Elasticsearch Inc., the company behind the massively popular real-time search and analytics ELK stack, today announced the availability of Shield, its new security and administrative offering. Responding to demands from increased adoption of the ELK stack and the need to extract insights out of mission-critical data in real-time, the introduction of Shield reaffirms Elasticsearch as an integral part of a business' IT infrastructure – from consumer startups to global Fortune 500 powerhouses.
Businesses of all sizes are dealing with an increasing amount of data they want to mine for insights – from operational performance to website metrics, product usage to marketing campaign performance. Elasticsearch continues to be adopted due to its ability to scale across massive amounts of data and provide real-time search and analysis, whether it's structured, machine-generated data like logs, events and metrics, or unstructured, human-generated data like Tweets, blogs, comments and other free text.
Shield, a commercial plug-in to Elasticsearch's open source ELK stack, will help existing customers expand their use of the software, as well as support new adoption, with integrated security and administrative functionalities that include:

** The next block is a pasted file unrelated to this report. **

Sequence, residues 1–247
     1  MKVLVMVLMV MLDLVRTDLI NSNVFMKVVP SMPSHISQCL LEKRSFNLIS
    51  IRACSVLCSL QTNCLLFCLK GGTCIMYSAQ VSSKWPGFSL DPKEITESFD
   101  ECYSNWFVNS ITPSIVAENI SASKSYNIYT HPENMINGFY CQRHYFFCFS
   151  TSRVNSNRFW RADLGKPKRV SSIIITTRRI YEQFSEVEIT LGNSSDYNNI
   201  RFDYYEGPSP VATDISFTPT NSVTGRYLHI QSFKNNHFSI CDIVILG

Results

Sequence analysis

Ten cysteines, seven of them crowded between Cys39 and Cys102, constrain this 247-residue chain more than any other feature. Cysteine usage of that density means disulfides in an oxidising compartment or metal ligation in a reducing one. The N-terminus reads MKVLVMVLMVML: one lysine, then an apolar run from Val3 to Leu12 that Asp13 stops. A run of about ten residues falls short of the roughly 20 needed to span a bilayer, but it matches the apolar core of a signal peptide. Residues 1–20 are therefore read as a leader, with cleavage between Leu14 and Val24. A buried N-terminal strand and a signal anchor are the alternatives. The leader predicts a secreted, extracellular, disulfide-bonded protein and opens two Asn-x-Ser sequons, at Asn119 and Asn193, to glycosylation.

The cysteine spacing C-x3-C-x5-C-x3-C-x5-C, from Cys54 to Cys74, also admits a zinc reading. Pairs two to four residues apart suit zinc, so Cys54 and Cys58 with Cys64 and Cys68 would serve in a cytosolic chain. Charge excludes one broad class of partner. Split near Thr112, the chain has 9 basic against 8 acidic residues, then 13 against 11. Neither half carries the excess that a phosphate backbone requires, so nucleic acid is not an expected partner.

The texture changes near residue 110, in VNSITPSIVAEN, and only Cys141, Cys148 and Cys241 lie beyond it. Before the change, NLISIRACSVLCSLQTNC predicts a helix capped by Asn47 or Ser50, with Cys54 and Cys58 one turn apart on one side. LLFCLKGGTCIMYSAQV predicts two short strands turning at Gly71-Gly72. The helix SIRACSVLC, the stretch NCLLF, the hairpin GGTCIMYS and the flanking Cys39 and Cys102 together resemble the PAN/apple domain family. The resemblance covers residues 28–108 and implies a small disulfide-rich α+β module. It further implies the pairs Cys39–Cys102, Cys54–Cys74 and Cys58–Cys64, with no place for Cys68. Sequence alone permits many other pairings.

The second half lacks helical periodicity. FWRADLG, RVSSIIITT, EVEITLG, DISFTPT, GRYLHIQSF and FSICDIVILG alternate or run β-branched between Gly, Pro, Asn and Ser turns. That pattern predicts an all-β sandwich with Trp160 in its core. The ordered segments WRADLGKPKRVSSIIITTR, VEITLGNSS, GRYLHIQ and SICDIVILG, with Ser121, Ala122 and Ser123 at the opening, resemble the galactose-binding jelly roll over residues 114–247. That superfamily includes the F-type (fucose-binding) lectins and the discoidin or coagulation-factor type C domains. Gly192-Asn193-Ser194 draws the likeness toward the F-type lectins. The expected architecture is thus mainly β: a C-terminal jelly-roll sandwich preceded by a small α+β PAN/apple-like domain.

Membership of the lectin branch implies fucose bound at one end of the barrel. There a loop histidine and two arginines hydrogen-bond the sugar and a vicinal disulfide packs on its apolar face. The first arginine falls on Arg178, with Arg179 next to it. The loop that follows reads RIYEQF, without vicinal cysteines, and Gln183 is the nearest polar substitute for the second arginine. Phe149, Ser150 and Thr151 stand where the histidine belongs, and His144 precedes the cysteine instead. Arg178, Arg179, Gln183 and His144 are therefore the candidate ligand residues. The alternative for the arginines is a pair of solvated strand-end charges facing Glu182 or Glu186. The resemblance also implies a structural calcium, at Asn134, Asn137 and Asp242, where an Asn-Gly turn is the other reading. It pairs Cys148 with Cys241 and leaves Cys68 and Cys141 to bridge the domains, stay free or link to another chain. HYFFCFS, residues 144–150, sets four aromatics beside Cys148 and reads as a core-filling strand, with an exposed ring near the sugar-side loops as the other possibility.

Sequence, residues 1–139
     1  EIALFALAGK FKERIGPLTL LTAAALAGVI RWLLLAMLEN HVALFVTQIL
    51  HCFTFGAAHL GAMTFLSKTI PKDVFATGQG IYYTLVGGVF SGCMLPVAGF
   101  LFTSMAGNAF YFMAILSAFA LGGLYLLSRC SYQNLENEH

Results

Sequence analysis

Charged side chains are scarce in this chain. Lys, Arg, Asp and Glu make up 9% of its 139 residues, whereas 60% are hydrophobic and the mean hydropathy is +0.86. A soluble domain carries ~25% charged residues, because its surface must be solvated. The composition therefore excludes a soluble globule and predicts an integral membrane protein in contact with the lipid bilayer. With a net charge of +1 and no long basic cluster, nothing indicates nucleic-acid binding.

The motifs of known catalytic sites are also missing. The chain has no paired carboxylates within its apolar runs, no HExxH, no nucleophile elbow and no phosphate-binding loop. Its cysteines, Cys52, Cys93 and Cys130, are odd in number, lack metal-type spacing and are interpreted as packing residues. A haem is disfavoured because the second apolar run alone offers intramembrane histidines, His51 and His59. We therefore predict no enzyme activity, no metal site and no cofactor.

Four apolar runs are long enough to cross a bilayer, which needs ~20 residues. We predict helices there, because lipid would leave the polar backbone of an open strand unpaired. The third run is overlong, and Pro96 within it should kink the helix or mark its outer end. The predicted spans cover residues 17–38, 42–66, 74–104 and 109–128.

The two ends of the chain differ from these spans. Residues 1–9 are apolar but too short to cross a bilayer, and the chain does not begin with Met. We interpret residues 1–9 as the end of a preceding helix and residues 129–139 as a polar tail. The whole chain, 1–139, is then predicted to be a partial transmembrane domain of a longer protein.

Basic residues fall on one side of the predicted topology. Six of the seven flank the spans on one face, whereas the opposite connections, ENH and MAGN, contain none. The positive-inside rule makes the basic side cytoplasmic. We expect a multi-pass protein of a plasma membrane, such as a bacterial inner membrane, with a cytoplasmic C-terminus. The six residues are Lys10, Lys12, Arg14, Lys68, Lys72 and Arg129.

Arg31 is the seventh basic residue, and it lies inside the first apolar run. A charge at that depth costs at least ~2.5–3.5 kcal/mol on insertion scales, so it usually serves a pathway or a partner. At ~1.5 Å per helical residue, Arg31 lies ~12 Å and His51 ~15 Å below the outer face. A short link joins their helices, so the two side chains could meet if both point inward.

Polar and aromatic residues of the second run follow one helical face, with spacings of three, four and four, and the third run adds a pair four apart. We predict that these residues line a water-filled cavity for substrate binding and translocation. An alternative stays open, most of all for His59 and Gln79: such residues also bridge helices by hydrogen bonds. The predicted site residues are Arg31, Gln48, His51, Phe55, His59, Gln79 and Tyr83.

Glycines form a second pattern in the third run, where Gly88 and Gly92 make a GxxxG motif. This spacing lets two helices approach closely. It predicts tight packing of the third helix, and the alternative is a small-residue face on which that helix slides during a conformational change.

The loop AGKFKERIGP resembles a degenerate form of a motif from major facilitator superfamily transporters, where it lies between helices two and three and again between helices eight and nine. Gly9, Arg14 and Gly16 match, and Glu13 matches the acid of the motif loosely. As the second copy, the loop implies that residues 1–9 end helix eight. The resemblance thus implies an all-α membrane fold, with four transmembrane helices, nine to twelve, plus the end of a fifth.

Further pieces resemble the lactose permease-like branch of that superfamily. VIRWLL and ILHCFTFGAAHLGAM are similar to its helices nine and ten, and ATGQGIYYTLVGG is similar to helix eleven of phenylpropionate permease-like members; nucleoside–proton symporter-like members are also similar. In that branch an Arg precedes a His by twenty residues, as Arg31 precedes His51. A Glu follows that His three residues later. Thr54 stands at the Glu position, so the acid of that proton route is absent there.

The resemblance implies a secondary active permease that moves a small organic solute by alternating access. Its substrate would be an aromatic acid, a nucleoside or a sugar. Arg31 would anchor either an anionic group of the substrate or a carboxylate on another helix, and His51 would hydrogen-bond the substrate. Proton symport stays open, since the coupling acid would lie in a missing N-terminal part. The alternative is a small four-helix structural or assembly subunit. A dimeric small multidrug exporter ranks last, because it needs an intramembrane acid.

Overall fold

- Role-Based Access Control: With the ability to set granular access and usage permissions to their ELK deployments, businesses can feel comfortable expanding the amount of data they put in to Elasticsearch. For example, they can now allow the marketing department to freely search and analyze website data with read-only permissions, while preventing access to sensitive financial data.
- LDAP-based Authentication System Support: With the ability to integrate with authentication systems like Active Directory, Shield helps ease administrative complexity by allowing organizations to manage access to the ELK stack through directory services they already have in place.
- Audit Logging: With a complete record of all user activity, audit logging allows businesses that use Elasticsearch to more easily meet security and compliance regulations. It also improves security by recording login failures and attempts to access unauthorized information.
- Encrypted Communications and IP Filtering: With node-to-node certificate-based SSL/TLS encryption, secure client communications with HTTPS, and the ability to configure Elasticsearch to only accept connections from approved IP addresses, Shield makes it simple for businesses to protect data from unauthorized access, eliminating the need for them to set up proxies, firewalls and other external security systems.
"We couldn't be more thrilled to make Shield available today to allow the ELK stack to be more easily be deployed across a business," said Steven Schuurman, CEO, Elasticsearch. "The initial release of Shield meets the most immediate security and administrative demands of our customers, and lays the groundwork to easily extend the functionality over time. This is another evolution in our mission to make it dead simple for businesses to put any and all of their data in Elasticsearch and extract meaningful insights."